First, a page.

case study Neonatal sepsis

Jun 21st, 2015
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Alabama State University
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Neonatal sepsis may be categorized as early or late onset. Of newborns with early-onset infection, 85% present within 24 hours, 5% present at 24-48 hours, and a smaller percentage present within 48-72 hours. Onset is most rapid in premature neonates. Early-onset sepsis syndrome is associated with acquisition of microorganisms from the mother. Transplacental infection or an ascending infection from the cervix may be caused by organisms that colonize in the mother's genitourinary tract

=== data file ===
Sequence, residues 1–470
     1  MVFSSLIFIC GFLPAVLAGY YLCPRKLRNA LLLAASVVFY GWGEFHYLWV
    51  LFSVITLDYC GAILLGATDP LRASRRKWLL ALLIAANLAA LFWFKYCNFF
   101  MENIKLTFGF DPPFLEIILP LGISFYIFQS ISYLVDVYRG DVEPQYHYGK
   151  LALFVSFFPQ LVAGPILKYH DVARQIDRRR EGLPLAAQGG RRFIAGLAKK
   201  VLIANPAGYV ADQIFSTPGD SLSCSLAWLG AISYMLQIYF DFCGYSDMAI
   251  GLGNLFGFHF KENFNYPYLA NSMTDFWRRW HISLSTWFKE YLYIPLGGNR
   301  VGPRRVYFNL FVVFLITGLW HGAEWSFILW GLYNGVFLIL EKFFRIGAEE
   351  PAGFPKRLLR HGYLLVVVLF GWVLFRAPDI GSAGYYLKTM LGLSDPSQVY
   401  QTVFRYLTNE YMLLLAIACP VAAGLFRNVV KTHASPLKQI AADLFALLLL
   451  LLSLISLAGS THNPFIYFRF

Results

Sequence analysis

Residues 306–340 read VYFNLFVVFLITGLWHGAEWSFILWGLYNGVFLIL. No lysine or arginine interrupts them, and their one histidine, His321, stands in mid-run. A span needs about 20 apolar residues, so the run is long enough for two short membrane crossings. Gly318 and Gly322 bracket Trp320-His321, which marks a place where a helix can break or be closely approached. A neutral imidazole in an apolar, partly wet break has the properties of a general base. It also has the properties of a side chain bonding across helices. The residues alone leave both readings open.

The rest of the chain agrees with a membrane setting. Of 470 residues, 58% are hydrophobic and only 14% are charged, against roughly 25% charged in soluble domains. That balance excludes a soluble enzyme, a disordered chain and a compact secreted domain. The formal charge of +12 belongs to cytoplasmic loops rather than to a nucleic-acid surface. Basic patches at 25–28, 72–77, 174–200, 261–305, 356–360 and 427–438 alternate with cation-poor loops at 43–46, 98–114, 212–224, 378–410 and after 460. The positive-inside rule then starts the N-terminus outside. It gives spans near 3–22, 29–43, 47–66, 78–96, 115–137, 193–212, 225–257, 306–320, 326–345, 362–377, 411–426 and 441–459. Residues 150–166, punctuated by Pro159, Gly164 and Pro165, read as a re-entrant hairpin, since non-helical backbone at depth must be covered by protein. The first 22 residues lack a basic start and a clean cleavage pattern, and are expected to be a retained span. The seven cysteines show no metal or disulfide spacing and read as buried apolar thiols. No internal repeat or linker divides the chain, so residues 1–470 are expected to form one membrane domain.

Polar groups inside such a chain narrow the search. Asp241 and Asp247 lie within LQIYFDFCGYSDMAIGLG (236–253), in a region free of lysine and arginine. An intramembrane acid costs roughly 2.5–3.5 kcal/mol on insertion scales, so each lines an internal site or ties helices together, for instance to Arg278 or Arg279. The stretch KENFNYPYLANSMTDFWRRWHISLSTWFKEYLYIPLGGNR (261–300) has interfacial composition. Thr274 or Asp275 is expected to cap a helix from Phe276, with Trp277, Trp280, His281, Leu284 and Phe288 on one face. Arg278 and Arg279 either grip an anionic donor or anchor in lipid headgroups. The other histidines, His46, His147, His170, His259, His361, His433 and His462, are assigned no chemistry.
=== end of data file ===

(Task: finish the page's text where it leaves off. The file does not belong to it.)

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BackgroundNeonatal sepsis may be categorized as early or late onset. Of newborns with early-onset infection, 85% present within 24 hours, 5% present at 24-48 hours, and a smaller percentage present within 48-72 hours. Onset is most rapid in premature neonates. Early-onset sepsis syndrome is associated with acquisition of microorganisms from the mother. Transplacental infection or an ascending infection from the cervix may be caused by organisms that colonize in the mother's genitourinary tract, with acquisition of the microbe by passage through a colonized birth canal at delivery. The microorganisms most commonly associated with early-onset infection include the following[1] : Group B Streptococcus (GBS) Escherichia coliCoagulase-negative StaphylococcusHaemophilus influenzaeListeria monocytogenesTrends in the epidemiology of early-onset sepsis show a decreasing incidence of GBS sepsis. This can be attributed to the implementation of a prenatal screening and treatment protocol for GBS (see the image below).Incidence of early-onset and late-onset invasive group B Streptococcus (GBS) disease. In a 2009 study in 4696 women, prenatal cultures showed a GBS colonization rate of 24.5%, with a positive culture rate at the time of labor of 18.8%. Up to 10% of prenatally culture-negative women were found to be positive at the time of labor. With intrapartum antibiotic prophylaxis rates of 93.3%, 0.36 of 1000 infants developed early-onset GBS disease.[2, 3] Late-onset sepsi

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